These communities – the poor in coastal cities and on low-lying islands – are among the world’s most vulnerable to climate change and the least able to marshal the resources to adapt, a new report finds. They face a world where climate change will increasingly threaten the food supplies of Sub-Saharan Africa and the farm fields and water resources of South Asia and South East Asia within the next three decades, while extreme weather puts their homes and lives at risk.

A new scientific report commissioned by the World Bank and released on June 19 explores the risks to lives and livelihoods in these three highly vulnerable regions. Turn Down the Heat: Climate Extremes, Regional Impacts, and the Case for Resilience (Read it in IssuuScribdOpen Knowledge Repository) takes the climate discussion to the next level, building on a 2012 World Bank report that concluded from a global perspective that without a clear mitigation strategy and effort, the world is headed for average temperatures 4 degrees Celsius warmer than pre-industrial times by the end of this century.

Small number, big problem

Communities around the world are already feeling the impacts of climate change today, with the planet only 0.8 ºC warmer than in pre-industrial times. Many of us could experience the harsher impacts of a 2ºC warmer world within our lifetimes – 20 to 30 years from now – and  4ºC is likely by the end of the century without global action.

The report lays out what these temperature increases will look like, degree-by-degree, in each targeted region and the damage anticipated for agricultural production, coastal cities, and water resources.

“The scientists tell us that if the world warms by 2°C – warming which may be reached in 20 to 30 years – that will cause widespread food shortages, unprecedented heat-waves, and more intense cyclones,” said World Bank Group President Jim Yong Kim. “In the near-term, climate change, which is already unfolding, could batter the slums even more and greatly harm the lives and the hopes of individuals and families who have had little hand in raising the Earth’s temperature.”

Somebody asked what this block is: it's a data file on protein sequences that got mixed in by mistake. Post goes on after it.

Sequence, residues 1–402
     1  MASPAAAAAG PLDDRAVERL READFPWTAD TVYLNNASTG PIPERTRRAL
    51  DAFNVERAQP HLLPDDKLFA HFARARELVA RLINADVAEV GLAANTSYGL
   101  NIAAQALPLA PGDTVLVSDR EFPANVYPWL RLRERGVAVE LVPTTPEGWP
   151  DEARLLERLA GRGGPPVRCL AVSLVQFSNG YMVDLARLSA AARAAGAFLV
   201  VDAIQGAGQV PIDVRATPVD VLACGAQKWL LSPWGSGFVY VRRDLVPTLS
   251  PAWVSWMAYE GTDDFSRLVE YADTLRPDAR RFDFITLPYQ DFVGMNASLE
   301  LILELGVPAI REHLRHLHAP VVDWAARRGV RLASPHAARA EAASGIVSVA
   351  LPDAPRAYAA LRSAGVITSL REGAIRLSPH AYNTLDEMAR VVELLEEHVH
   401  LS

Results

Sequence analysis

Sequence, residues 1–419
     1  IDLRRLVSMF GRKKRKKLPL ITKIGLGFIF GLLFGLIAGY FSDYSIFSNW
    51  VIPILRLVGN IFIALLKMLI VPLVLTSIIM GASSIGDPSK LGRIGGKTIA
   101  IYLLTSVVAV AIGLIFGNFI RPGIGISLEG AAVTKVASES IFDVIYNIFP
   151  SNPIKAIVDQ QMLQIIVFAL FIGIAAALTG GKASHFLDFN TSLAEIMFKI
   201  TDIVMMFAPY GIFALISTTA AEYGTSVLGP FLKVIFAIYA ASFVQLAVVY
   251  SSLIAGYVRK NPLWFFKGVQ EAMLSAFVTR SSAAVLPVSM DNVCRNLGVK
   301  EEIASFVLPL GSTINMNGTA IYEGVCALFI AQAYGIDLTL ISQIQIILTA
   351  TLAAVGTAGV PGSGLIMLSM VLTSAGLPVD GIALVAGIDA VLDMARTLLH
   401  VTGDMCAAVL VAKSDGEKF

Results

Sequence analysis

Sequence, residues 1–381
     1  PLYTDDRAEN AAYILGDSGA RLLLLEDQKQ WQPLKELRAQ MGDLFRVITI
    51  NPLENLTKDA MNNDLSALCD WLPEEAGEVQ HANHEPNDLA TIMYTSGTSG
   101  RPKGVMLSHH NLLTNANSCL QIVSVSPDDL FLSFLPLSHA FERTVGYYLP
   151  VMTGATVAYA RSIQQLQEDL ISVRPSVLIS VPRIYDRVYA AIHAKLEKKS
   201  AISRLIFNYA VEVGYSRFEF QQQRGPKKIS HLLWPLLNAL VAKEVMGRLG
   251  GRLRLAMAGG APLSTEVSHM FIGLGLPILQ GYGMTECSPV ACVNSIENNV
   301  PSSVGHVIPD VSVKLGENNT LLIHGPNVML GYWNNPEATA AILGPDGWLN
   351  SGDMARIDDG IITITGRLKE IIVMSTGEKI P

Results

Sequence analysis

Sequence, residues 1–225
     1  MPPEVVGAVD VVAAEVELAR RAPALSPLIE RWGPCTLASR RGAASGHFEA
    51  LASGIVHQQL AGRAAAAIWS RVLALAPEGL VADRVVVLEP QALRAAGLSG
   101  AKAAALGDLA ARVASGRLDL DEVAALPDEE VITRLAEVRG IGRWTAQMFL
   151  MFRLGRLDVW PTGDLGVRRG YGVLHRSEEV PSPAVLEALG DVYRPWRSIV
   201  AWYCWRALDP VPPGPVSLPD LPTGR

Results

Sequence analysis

The report, based on scientific analysis by the Potsdam Institute for Climate Impact Research and Climate Analytics, uses advanced computer simulations to paint the clearest picture of each region’s vulnerabilities. It describes the risks to agriculture and livelihood security in Sub-Saharan Africa; the rise in sea-level, loss of coral reefs and devastation to coastal areas likely in South East Asia; and the fluctuating water resources in South Asia that can lead to flooding in some areas and water scarcity in others, as well as affecting power supply.

“The second phase of this report truly reiterates our need to bring global attention to the tasks necessary to hold warming to 2ºC,” said Rachel Kyte, the Bank’s vice president for sustainable development. “Our ideas at the World Bank have already been put into practice as we move forward to assist those whose lives are particularly affected by extreme weather events.”

Open Quotes

The scientists tell us that if the world warms by 2°C – warming which may be reached in 20 to 30 years – that will cause widespread food shortages, unprecedented heat-waves, and more intense cyclones. Close Quotes

Jim Yong Kim
President, World Bank Group

Athabasca Chipewyan First Nation Challenges New Shell Tar Sands Mines .

Sign California! Support Fracking Moratorium AB 1301 Petition. 350.org Bay Area

Please Join Food & Water Watch – Make a difference.

http://www.foodandwaterwatch.org/

The Dust Bowl, by director Ken Burns. Will this Ecological Disaster Return Anew? An interview with Paula Zahn.

Streamed live on Nov 15, 2012

http://www.pbs.org/kenburns/dustbowl/

THE DUST BOWL

Encore Broadcast April 23 and 30, 2013
8:00–10:00 p.m. ET on PBS

CHECK LOCAL LISTINGS

THE DUST BOWL chronicles the worst man-made ecological disaster in American history, in which the frenzied wheat boom of the “Great Plow-Up,” followed by a decade-long drought during the 1930s nearly swept away the breadbasket of the nation. Vivid interviews with twenty-six survivors of those hard times, combined with dramatic photographs and seldom seen movie footage, bring to life stories of incredible human suffering and equally incredible human perseverance. It is also a morality tale about our relationship to the land that sustains us—a lesson we ignore at our peril.

On November 15, join Ken Burns along with Paula Zahn in a live YouTube event and national dialogue regarding the Dust Bowl‘s legacy on both the environment and the culture of the United States. Panelists will discuss current drought conditions along with the importance of environmental awareness and the effects humans have on the natural world. Join the conversation at youtube.com/pbs. Submit questions at youtube.com/pbs or tweet using hashtag #DustBowlPB